ISTQB Glossary C-d

47 Questions

ISTQB Quizzes & Trivia


Questions and Answers
  • 1. 
    The capability of the software product to adhere to standards, conventions or regulations in laws and similar prescriptions.
  • 2. 
    A framework that describes the key elements of an effective product development and maintenance process. It covers best-practices for planning, engineering and managing product development and maintenance.
  • 3. 
    A minimal software item that can be tested in isolation.
  • 4. 
    Testing performed to expose defects in the interfaces and interaction between integrated components.
  • 5. 
    The degree to which a component or system has a design and/or internal structure that is difficult to understand, maintain and verify.
  • 6. 
    A software tool that translates programs expressed in a high-order language into their machine language equivalents.
  • 7. 
    A software product that is developed for the general market, i.e. for a large number of customers, and that is delivered to many customers in identical format.
  • 8. 
    An analysis method that determines which parts of the software have been executed (covered) by the test suite and which parts have not been executed, e.g., statement coverage, decision coverage or condition coverage.
  • 9. 
    Computer instructions and data definitions expressed in a programming language or in a form output by an assembler, compiler or other translator.
  • 10. 
    An experience-based test design technique whereby the experienced tester uses a high-level list of items to be noted, checked, or remembered, or a set of rules or criteria against which a product has to be verified.
  • 11. 
    The process of confirming that a component, system or person complies with its specified requirements, e.g., by passing an exam.
  • 12. 
    A description of a component's function in terms of its output values for specified input values under specified conditions, and required non-functional behavior (e.g., resource-utilization).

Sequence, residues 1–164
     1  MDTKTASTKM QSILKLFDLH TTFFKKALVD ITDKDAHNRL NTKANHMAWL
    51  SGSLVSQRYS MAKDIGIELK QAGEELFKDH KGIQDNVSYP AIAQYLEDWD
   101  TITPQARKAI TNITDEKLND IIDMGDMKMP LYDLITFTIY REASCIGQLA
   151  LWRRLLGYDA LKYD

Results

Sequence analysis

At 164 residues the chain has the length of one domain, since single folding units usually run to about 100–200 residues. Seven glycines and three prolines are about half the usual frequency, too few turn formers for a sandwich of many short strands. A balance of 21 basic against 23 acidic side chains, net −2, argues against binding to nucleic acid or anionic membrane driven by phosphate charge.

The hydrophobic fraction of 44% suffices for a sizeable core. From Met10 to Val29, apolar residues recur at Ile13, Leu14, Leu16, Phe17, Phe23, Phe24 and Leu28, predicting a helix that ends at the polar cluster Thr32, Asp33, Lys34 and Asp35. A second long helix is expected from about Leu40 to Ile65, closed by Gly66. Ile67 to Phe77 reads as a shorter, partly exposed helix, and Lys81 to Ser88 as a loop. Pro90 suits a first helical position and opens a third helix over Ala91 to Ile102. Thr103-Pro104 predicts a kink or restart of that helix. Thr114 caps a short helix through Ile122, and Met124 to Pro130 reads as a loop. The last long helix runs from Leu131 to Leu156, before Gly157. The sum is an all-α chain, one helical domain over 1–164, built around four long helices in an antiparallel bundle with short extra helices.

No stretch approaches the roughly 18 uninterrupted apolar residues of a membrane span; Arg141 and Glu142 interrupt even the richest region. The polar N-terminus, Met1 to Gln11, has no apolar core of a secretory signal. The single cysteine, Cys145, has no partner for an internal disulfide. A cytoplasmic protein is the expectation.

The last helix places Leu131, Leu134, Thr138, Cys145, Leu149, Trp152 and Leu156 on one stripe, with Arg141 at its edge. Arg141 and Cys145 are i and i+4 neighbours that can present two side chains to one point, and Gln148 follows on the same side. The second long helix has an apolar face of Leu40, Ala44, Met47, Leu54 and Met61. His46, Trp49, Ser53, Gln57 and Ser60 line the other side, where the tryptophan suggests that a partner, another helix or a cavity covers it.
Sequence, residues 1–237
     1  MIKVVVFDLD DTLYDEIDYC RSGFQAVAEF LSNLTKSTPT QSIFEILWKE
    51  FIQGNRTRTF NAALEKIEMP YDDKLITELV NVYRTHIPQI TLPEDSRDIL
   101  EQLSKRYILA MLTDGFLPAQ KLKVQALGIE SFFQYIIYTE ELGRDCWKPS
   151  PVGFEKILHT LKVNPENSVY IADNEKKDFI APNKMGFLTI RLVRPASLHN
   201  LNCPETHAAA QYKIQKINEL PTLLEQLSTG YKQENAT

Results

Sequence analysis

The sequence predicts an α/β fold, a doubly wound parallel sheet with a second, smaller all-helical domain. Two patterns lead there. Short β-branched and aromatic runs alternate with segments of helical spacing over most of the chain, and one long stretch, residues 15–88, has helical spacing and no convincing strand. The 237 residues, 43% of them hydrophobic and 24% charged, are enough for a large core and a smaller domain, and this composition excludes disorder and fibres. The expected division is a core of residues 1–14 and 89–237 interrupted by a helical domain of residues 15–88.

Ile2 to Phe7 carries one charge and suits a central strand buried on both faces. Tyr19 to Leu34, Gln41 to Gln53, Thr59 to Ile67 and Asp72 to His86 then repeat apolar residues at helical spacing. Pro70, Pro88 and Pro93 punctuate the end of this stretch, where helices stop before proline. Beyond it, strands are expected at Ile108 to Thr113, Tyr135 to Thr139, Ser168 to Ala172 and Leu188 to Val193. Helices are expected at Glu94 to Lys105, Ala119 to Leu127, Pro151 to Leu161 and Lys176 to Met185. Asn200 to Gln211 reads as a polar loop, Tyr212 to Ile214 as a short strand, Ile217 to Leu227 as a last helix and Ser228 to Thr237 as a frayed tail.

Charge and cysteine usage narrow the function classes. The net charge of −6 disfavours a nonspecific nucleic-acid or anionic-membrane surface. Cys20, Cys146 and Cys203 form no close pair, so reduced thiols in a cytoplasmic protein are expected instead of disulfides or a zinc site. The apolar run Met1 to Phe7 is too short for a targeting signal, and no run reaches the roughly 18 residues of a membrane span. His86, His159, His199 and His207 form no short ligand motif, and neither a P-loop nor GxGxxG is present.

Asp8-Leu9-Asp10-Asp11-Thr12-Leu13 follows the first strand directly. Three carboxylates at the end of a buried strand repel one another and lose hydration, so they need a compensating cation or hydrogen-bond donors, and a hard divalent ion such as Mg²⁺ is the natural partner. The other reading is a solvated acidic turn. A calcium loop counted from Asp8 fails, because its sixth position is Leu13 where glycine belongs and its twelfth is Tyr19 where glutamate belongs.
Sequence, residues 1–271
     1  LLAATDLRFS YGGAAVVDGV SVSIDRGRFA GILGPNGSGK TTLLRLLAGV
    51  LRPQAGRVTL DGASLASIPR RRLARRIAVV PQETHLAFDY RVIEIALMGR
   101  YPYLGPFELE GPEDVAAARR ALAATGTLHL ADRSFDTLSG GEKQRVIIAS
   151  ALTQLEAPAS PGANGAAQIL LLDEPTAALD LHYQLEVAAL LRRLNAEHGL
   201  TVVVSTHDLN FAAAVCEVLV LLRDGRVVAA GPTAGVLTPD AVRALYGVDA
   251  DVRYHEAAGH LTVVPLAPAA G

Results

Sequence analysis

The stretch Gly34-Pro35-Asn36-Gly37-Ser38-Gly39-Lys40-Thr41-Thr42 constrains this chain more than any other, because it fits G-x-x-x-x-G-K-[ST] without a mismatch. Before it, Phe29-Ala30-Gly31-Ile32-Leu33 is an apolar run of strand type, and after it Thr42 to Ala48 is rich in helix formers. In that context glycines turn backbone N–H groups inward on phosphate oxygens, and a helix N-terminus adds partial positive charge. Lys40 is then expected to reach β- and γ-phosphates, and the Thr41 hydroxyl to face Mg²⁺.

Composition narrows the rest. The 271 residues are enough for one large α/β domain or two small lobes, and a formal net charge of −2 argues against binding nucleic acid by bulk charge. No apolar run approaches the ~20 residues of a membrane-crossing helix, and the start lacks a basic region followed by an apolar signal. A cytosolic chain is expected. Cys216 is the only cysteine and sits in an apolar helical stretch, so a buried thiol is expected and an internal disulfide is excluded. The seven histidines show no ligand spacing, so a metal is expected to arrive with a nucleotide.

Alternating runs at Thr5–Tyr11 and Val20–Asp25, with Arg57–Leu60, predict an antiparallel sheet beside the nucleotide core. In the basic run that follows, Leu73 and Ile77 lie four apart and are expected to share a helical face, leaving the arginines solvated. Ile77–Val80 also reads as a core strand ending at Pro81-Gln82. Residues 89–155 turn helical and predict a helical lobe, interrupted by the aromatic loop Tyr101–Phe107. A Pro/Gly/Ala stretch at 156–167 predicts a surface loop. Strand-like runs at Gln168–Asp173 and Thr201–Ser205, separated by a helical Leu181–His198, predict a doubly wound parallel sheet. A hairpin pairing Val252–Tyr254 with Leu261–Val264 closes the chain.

• 13. 
    The testing of individual software components.
  • 14. 
    A logical expression that can be evaluated as True or False, e.g., A>B.
  • 15. 
    The percentage of condition outcomes that have been exercised by a test suite. 100% condition coverage requires each single condition in every decision statement to be tested as True and False.
  • 16. 
    The composition of a component or system as defined by the number, nature, and interconnections of its constituent parts.
  • 17. 
    An element of configuration management, consisting of the evaluation, coordination, approval or disapproval, and implementation of changes to configuration items after formal establishment of their configuration identification.
  • 18. 
    An aggregation of hardware, software or both, that is designated for configuration management and treated as a single entity in the configuration management process.
  • 19. 
    A software component or test tool that replaces a component that takes care of the control and/or the calling of a component or system.
  • 20. 
    The set from which valid input and/or output values can be selected.
  • 21. 
    Formal or informal testing conducted during the implementation of a component or system, usually in the development environment by developers.
  • 22. 
    Any (work) product that must be delivered to someone other than the (work) product's author.
  • 23. 
    An element in a taxonomy of defects. Defect taxonomies can be identified with respect to a variety of considerations, including, but not limited to: Phase or development activity in which the defect is created, e.g., a specification error or a coding error, Characterization of defects, e.g., an "off-by-one" defect, Incorrectness, e.g., an incorrect relational operator, a programming language syntax error, or an invalid assumption, Performance issues, e.g., excessive execution time, insufficient availability.
  • 24. 
    A tool that facilitates the recording and status tracking of defects and changes. They often have workflow-oriented facilities to track and control the allocation, correction and re-testing of defects and provide reporting facilities.